Chloe Foy – Where Shall We Begin: Album Review

Immediate, intimate, soothing and sparse.  A stunning debut album from Chloe Foy

Release Date:  11th June 2021

Label: Self Release (Bandcamp)

Formats: CD / Vinyl / Streaming / Download

Surprisingly, Where Shall We Begin is the debut album from Gloucestershire’s Chloe Foy.  I say “surprisingly” because she’s been in our consciousness for quite some time.  She released her debut single In The Middle Of The Night as long ago as 2013. Her songs have received around 9 million Spotify plays and, for quite some time, she’s been a growing presence on the live music scene. A presence that includes appearances at the SXSW, Green Man and Cambridge Folk Festivals in recent years. 

Where Shall We Begin represents the culmination of a ten-year period of highly-focused activity which was both driven and restrained by the grief and inner turmoil that followed the loss of her father to depression.  As Chloe says: “For me, this album has come out of a decade of hard graft, trying to balance my craft with making a living, whilst taking my time to get it right.  All whilst dealing with the fallout of a huge bereavement in my most formative years.  I was finding it hard to work out who I was within this new, alien context of losing a parent.”

Chloe cites Gillian Welch, Edith Piaf and Tyler Ramsey amongst her songwriting influences.  Her songs are raw and honest and pull no emotional punches. As she says: “These songs are my most inner and deepest secrets.  The kind of things I only express to those closest to me, but for some reason in song, I can open up with the world.”  That little statement explains an awful lot; some of the sentiments expressed in Chloe’s songs are deeply personal, so much so that I was occasionally prompted to wonder where she found the bravery to express them.

Where Shall We Begin was recorded at Pinhole Studios in Manchester – Chloe’s adopted home.  Chloe plays piano, synths, cello, harmonium, harmonica, acoustic guitar, electric guitar and organ and she’s supported by a whole host of musician friends, notably Harry Fausing Smith on guitars, bass, piano, clarinet and synths (Harry is also responsible for the string arrangements that are such a striking feature of the album) and Henry Rankin on viola and violin.  Somewhat surprisingly then, given the range of instrumental support, the sound is overwhelmingly intimate, soothing and sparse, with acres of space given to Chloe’s enchanting, immediate, alternately urgent and dreamlike vocal.

The album opens with the ethereal title track, a song on which the soft finger-picked acoustic guitar and the breathy vocals give little indication of the sheer range of the music to follow.  Some inkling of that range starts to dawn with Dreaming, a song based around a plodding bass/guitar line, some nice twangy guitar licks and a very measured vocal delivery.

Work Of Art is an early highlight; drum-heavy with more of those intimate I’m speaking JUST to you vocals. It’s a song that considers the warmth created for both performer and audience when a community of music lovers gets together to spend their evening lost in song – and who is there amongst us who can’t relate to that particular sentiment?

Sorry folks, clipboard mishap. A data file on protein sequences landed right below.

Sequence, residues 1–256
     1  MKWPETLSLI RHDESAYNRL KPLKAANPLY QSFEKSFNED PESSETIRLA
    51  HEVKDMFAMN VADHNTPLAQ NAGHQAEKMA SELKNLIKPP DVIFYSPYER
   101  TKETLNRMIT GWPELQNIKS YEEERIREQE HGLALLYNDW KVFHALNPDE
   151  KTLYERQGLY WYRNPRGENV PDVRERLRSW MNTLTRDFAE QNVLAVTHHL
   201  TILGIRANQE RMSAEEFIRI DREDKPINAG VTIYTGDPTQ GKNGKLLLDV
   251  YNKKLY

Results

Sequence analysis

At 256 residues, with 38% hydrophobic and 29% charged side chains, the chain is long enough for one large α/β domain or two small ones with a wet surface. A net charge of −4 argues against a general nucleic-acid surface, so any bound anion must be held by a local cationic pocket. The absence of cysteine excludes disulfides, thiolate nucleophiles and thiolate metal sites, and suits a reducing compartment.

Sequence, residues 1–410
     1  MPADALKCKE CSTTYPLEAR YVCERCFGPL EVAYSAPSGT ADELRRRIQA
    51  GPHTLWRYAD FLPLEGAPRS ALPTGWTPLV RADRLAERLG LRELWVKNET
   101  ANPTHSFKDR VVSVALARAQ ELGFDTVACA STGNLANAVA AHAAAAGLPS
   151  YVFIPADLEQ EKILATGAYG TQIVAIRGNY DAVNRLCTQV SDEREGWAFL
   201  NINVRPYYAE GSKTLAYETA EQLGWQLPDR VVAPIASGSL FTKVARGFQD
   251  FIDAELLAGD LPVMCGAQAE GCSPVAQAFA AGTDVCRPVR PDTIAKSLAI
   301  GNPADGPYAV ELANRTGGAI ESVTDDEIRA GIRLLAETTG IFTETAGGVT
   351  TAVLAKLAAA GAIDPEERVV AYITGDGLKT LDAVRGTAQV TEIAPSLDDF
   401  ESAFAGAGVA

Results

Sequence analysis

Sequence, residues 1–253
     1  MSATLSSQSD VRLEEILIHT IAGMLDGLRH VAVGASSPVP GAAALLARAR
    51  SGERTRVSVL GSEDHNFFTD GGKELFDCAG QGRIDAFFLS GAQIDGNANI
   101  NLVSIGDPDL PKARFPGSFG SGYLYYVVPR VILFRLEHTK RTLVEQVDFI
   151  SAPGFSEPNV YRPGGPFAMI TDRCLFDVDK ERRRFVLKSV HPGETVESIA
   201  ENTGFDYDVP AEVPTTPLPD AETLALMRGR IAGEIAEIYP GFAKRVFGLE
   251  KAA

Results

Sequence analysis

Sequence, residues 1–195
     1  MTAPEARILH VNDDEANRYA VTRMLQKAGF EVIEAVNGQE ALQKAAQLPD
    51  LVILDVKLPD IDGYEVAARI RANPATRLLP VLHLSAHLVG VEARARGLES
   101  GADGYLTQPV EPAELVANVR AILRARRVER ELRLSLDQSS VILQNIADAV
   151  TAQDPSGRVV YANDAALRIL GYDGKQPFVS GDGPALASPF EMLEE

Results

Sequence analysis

Evangeline is another cracker.  Folkier and more stripped back than the preceding tracks, it has a sparseness that reminds me of Fleet Foxes (one of several songs to do so) until, ⅔ of the way through, the sound fills out, and the song ends as something almost resembling a military march!  Asylum is another song with that same Fleet Foxes feel – light and airy, and which, once again builds pleasingly.

Bones is, as the song’s title suggests, altogether darker.  Voice, guitar, strings and ghostly backing vocals combine to deliver a song that is haunted and almost gothic in texture.  Shining Star is another favourite.  It’s the album’s lead single and deals with the difficult subject of Chloe’s late father’s depression.  The lyrics reflect upon and regret her father’s decision to take an office job, rather than to follow his passions of art and pottery – he was talented at both – and expresses Chloe’s own determination not to follow that same path.  Heartfelt regret comes across clearly, as do the hints of bitterness at the circumstances and expectations that convinced her father to take the course he did.

After the anguish of Shining Star, the dreamy, likeable Left-Centred Weight feels almost light and poppy. That relief doesn’t last long before we return to intimate family emotions with And It Goes, a song in which Chloe reflects on how her mother’s love for her never faltered, even as her mother came to terms with the loss of her soulmate.  And It Goes is, for me at least, the rawest expression of emotion on the album and Chloe’s bravery in confronting that emotion is remarkable.

This stunning album is wrapped up with Square Face, a song of self-reflection sung to a simple guitar lick and laden with synths and strings.  The acapella section of the song is, perhaps, the most intimate passage on an album packed with intimacy and, somehow, manages to bring an album full of expressions of anguish and revelation to a peaceful, contented close.

Watch the Official Video to the album’s lead single, Shining Star, below.

Chloe Foy Online: Website / Facebook / Twitter / Instagram / YouTube

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